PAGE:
Digital Library: EI
Published Online: January  2020
  171  19
Image
Pages 363-1 - 363-6,  © Society for Imaging Science and Technology 2020
Volume 32
Issue 13

This publication reports on a research project in which we set out to explore the advantages and disadvantages augmented reality (AR) technology has for visual data analytics. We developed a prototype of an AR data analytics application, which provides users with an interactive 3D interface, hand gesture-based controls and multi-user support for a shared experience, enabling multiple people to collaboratively visualize, analyze and manipulate data with high dimensional features in 3D space. Our software prototype, called DataCube, runs on the Microsoft HoloLens - one of the first true stand-alone AR headsets, through which users can see computer-generated images overlaid onto realworld objects in the user’s physical environment. Using hand gestures, the users can select menu options, control the 3D data visualization with various filtering and visualization functions, and freely arrange the various menus and virtual displays in their environment. The shared multi-user experience allows all participating users to see and interact with the virtual environment, changes one user makes will become visible to the other users instantly. As users engage together they are not restricted from observing the physical world simultaneously and therefore they can also see non-verbal cues such as gesturing or facial reactions of other users in the physical environment. The main objective of this research project was to find out if AR interfaces and collaborative analysis can provide an effective solution for data analysis tasks, and our experience with our prototype system confirms this.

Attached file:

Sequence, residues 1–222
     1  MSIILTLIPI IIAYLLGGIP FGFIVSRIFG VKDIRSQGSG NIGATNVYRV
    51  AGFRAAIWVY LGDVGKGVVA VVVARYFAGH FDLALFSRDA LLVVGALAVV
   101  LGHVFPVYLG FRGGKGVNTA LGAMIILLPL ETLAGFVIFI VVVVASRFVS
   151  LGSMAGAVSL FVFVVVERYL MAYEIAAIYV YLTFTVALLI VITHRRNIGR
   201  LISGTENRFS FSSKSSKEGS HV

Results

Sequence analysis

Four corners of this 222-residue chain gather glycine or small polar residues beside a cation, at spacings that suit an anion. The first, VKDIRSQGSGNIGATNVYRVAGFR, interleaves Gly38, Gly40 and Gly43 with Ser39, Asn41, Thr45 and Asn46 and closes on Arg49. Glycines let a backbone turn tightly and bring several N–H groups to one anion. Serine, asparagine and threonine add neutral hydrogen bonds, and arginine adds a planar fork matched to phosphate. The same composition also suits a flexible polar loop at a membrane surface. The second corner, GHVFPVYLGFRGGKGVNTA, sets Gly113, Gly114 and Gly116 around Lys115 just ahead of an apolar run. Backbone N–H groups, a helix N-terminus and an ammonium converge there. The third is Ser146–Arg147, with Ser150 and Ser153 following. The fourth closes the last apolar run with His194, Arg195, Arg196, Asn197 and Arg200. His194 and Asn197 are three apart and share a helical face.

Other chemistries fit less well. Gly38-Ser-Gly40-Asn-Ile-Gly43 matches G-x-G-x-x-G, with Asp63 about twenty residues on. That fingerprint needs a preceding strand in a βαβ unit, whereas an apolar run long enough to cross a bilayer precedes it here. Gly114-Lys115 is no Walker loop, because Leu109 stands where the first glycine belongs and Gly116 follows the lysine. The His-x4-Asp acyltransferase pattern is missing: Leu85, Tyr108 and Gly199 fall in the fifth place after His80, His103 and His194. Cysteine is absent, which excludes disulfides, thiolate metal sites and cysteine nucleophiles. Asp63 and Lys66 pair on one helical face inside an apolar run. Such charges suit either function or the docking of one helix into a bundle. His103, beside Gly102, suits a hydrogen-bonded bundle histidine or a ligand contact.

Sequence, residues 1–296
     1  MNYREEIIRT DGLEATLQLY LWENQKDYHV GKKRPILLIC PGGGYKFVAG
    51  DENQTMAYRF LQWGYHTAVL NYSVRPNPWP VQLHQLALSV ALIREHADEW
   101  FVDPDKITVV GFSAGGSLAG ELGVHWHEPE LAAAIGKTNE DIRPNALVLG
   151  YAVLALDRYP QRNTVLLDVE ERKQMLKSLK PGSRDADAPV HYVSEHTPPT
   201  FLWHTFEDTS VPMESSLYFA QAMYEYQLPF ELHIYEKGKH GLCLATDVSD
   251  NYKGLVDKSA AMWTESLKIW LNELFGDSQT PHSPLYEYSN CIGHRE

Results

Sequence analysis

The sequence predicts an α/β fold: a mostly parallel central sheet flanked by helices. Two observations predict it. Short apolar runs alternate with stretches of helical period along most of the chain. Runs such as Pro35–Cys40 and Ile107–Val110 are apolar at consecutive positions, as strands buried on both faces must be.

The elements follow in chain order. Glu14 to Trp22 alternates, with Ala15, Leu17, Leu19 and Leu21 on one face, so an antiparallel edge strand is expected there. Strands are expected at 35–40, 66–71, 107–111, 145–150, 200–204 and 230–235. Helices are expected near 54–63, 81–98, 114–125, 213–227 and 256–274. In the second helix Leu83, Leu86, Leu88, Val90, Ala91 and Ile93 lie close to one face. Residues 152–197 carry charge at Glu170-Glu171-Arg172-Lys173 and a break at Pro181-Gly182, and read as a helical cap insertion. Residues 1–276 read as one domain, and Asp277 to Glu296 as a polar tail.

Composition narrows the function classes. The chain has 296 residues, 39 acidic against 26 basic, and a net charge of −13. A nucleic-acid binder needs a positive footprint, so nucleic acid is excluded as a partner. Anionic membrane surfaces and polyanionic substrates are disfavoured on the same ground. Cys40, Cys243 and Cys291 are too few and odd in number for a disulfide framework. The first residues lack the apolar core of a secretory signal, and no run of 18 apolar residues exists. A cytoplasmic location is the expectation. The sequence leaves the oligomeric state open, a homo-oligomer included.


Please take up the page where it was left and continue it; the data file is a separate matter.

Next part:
Digital Library: EI
Published Online: January  2020
  59  1
Image
Pages 364-1 - 364-7,  © Society for Imaging Science and Technology 2020
Volume 32
Issue 13

With the development of Apple’s ARKit and Google’s ARCore, mobile augmented reality (AR) applications have become much more popular. For Android devices, ARCore provides basic motion tracking and environmental understanding. However, with current software frameworks it can be difficult to create an AR application from the ground up. Our solution is CalAR, which is a lightweight, open-source software environment to develop AR applications for Android devices, while giving the programmer full control over the phone’s resources. With CalAR, the programmer can create marker-less AR applications which run at 60 frames per second on Android smartphones. These applications can include more complex environment understanding, physical simulation, user interaction with virtual objects, and interaction between virtual objects and objects in the physical environment. With CalAR being based on CalVR, which is our multi-platform virtual reality software engine, it is possible to port CalVR applications to an AR environment on Android phones with minimal effort. We demonstrate this with the example of a spatial visualization application.

Digital Library: EI
Published Online: January  2020
  114  7
Image
Pages 380-1 - 380-6,  © Society for Imaging Science and Technology 2020
Volume 32
Issue 13

Improving drivers’ risk prediction ability can reduce the accident risk significantly. The existing accident awareness training systems show poor performance due to the lack of immersive sense. In this research, an immersive educational system is proposed for risk prediction training based on VR technology. The system provides a highly realistic driving experience to driver through 360 degrees video using VR goggle. In the nearly actual driving scene, users are expected to point out every potential dangerous scenario in different cases. Afterwards, the system evaluates users’ performances and gives the corresponding explanations to help users improve safety awareness. The results show that the system is more effective than previous systems on improving drivers’ risk prediction capability.

Digital Library: EI
Published Online: January  2020

Keywords